Samsung forced to partially close
Sunday’s measures, which will be in effect through June 24 at the least, was recognition that Samsung, one of the country’s largest and best hospitals, did not have proper procedures in place and was by far the largest source of MERS infections. With seven new confirmed cases in Korea reported Sunday, 66 people including two doctors, patients and their relatives have contracted the virus during a visit or stay at Samsung Medical Center in Seoul. Four out of seven reported Sunday were contracted at Samsung.
One patient alone, Patient No. 14, infected at least 60 people at Samsung. He is considered a “super-spreader.”
The total number of patients so far is 145 and there have been 15 deaths.
Song said the hospital decided on the suspension after one of its emergency ward transfer agents tested positive for MERS on Friday and became Patient No. 137. It was also revealed that he worked over a nine-day period from June 2 and June 10 during which he showed signs of infection, a fever, raising further questions about Samsung’s management of its workers and infection controls. The 55-year-old worker contracted the virus from contact with Patient No. 14 from May 27 and 29.
An emergency ward transfer worker’s job is to transfer patients from the emergency ward to a regular hospital room.
“I bow my head deeply in apology for concerns we have caused to the people regarding Patient No. 137, an emergency ward transfer agent, and over the fact that Samsung Medical Center has become the center of MERS infection,” said Song.
He added the hospital placed 37 people believed to have come in direct contact with No. 137 in isolation Friday. Another group of 127 who may have come in contact with No. 137 have also been under quarantine and monitoring, the director said.
The news that Samsung’s emergency ward worker had continued working until Wednesday and had not even been on a list of potential patients drafted by the hospital showed Samsung was neglecting the most likely people to catch the disease: medical workers. It was an accusation Song accepted during the Sunday briefing.
“We should be held entirely accountable for the poor management of our transfer agent,” said Song. The hospital said it was still trying to find out what led to its failure to detect signs of infection.
“The fact that Samsung now has a MERS patient who was a transfer agent is a very serious matter, which says a lot about its inability to control potential exposures,” said Lee Jae-gap, professor of infectious disease at Hallym University Medical Center.
The professor added the government may have overly trusted Samsung’s ability.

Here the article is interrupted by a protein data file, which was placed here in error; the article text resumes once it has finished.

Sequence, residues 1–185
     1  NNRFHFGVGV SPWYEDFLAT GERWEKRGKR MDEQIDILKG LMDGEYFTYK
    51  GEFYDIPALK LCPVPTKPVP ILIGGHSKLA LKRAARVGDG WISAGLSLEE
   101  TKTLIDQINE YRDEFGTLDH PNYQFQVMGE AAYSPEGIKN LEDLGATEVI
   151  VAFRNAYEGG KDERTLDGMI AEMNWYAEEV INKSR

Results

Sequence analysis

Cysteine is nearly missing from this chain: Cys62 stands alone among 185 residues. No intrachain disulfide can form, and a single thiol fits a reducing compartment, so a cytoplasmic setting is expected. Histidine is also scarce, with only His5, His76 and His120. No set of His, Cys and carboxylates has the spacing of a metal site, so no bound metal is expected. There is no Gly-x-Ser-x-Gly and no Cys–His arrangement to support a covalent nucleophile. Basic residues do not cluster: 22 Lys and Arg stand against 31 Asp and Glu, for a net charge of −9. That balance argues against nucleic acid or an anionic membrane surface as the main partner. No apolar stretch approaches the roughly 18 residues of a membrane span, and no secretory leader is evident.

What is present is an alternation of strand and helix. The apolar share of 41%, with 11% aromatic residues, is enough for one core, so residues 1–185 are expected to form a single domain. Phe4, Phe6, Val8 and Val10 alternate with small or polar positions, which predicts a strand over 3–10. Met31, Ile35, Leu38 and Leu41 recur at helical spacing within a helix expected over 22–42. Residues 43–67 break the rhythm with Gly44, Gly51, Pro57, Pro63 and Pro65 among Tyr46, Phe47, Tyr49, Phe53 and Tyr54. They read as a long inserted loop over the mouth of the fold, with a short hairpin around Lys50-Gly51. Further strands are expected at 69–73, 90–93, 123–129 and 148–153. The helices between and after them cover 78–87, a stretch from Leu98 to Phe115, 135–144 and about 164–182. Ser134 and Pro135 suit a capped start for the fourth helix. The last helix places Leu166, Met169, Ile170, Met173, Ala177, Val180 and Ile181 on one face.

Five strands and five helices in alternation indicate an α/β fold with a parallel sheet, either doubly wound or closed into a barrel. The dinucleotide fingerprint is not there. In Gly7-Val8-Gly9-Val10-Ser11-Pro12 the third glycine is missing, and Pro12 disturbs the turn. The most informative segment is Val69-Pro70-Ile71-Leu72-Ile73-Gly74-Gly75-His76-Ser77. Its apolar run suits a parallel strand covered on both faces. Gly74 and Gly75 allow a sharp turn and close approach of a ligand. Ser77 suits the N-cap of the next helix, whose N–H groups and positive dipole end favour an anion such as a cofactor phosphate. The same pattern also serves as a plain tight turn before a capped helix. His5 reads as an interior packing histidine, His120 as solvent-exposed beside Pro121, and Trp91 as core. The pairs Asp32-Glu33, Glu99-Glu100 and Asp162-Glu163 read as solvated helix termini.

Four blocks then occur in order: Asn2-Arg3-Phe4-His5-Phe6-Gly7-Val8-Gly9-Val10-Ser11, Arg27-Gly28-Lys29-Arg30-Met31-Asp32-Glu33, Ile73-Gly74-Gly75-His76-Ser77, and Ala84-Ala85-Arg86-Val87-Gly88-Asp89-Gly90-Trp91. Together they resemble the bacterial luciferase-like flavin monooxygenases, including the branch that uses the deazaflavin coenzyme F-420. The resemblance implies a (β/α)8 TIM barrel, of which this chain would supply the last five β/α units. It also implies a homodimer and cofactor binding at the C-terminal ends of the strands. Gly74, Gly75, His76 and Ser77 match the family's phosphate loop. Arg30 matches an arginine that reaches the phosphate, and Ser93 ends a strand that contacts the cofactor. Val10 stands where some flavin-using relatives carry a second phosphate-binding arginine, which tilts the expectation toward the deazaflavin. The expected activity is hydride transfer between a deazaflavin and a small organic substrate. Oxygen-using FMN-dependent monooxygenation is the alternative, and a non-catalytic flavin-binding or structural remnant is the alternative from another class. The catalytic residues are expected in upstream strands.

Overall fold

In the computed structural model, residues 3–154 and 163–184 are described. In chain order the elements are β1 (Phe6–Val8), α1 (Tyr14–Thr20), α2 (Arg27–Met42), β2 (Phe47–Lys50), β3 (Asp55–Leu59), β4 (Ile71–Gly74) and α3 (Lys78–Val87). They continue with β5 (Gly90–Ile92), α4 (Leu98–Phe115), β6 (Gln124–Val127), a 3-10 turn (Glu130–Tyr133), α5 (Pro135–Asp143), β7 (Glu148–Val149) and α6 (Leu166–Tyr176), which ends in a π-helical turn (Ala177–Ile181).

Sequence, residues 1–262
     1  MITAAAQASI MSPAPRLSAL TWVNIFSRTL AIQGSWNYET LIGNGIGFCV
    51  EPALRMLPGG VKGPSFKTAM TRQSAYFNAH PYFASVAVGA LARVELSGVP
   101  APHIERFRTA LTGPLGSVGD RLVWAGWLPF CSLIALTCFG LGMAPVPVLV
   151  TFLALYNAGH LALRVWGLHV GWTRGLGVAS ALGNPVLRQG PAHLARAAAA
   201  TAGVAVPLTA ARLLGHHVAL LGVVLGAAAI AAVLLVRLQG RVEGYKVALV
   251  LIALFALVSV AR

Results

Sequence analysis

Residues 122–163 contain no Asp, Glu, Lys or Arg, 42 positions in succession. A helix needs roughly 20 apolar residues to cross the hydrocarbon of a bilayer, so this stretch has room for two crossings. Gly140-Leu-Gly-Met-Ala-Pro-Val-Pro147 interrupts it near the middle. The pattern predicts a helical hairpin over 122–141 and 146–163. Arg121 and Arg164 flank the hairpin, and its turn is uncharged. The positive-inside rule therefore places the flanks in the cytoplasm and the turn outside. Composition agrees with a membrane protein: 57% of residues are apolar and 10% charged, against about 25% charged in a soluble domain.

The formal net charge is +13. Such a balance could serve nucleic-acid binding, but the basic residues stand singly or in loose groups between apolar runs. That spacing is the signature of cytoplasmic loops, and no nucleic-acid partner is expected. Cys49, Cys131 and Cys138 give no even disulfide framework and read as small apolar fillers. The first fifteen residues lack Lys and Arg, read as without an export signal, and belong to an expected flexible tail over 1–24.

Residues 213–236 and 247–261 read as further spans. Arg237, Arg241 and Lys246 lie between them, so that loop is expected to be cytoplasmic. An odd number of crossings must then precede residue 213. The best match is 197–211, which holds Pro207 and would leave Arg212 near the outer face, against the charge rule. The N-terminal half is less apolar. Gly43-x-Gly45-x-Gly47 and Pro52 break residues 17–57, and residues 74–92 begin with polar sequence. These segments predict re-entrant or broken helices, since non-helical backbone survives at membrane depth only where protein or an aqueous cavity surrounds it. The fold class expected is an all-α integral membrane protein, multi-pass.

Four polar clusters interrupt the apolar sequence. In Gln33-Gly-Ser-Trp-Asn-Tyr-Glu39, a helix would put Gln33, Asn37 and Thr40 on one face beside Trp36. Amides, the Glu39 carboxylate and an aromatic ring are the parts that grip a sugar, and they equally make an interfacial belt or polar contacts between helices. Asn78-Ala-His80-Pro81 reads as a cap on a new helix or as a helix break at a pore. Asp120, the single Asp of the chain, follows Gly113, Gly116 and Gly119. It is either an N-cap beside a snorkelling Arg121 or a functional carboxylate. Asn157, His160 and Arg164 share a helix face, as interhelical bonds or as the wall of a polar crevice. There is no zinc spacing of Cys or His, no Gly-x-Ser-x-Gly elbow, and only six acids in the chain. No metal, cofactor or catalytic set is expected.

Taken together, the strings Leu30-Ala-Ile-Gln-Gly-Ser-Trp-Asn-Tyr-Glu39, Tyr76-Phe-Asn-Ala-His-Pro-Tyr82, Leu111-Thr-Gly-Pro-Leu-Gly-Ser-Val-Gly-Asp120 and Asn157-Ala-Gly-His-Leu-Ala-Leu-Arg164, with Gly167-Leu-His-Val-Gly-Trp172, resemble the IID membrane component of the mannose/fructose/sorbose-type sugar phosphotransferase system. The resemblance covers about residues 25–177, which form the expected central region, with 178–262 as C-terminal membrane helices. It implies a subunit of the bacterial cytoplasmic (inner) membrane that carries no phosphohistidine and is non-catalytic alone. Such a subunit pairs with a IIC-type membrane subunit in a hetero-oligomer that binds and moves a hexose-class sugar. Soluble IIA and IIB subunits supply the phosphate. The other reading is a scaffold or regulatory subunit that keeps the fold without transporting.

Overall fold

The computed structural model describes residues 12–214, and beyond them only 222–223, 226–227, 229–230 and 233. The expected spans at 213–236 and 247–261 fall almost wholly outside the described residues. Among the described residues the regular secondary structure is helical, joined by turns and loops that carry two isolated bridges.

Pointing out that Samsung Medical Center had been excluded from the control of the state-led MERS preventive efforts, Seoul Mayor Park Won-soon called for a special investigation into what led to Samsung’s blunder in regard to Patient No.137.
“Samsung Medical Center’s response to MERS must come up to a new level now,” said the mayor during a press briefing Sunday. “It is time for the government to be on the frontline [in stemming further infections].”
Samsung Group said Sunday it did not plan to move ailing Chairman Lee Kun-hee out of his hospital room on the 20th floor of the medical center, which is a proud part of the Samsung group. Lee has been hospitalized over a year since he suffered acute myocardial infarction in May 2014.
Nineteen new confirmed cases of MERS were reported over the weekend, including a Samsung Medical Center doctor who tested positive on Saturday, three days after entering in-house isolation, becoming Patient No. 138. The 37-year-old doctor treated patients after exposure to Patient No. 14, the super-spreader, on May 27.
The authorities have yet to fully realize whom the infected doctor had been in contact with until his diagnosis Saturday. The doctor started showing symptoms Wednesday, two weeks after contact with Patient No. 14 at Samsung’s emergency ward. He was put in quarantine the same day, according to the government.
“Patient No. 138 was put under in-house quarantine after he began to have a fever on Wednesday,” said Jeong Eun-gyeong, an official at the Korea Centers for Disease Control and Prevention.
Authorities are tracing the 37-year-old’s movements over the two-week period between Oct. 27 - when he came in contact with Patient No. 14 in the emergency ward - and Wednesday. It is also known that he treated patients until Wednesday.
One MERS patient died Sunday, raising the total death toll to 15, a 10.3 percent fatality rate out of 145 confirmed cases. The victim, Patient No. 81, was Busan’s first MERS case, a 62-year-old man who contracted the virus from Patient No. 14 during a visit to a relative at Samsung Medical Center’s emergency ward on May 27. Patient No. 81 was under intensive care at Busan Medical Center from Tuesday but died of pneumonia caused by MERS. Patient No. 81 was said to have no pre-existing illnesses before his infection with MERS, raising fears because many of the previous fatalities had severe underlying illnesses.
On Saturday, a fourth-generation transmission of the disease was reported after an ambulance driver, 70, was diagnosed with MERS a day before.
The Health and Welfare Ministry said the man acquired the virus from Patient No. 76 during a transfer to a hospital on June 5 and 6. Patient No. 76, one of the 15 casualties who died on June 10, contracted the virus from super-spreader Patient No. 14. That sequence of transmissions would make the ambulance driver, Patient No. 133, the first fourth-generation transmission patient. But last week three other patients were initially described as fourth-generation before authorities changed their minds and said they were third-generation transmissions.
BY KANG JIN-KYU [email@example.com]
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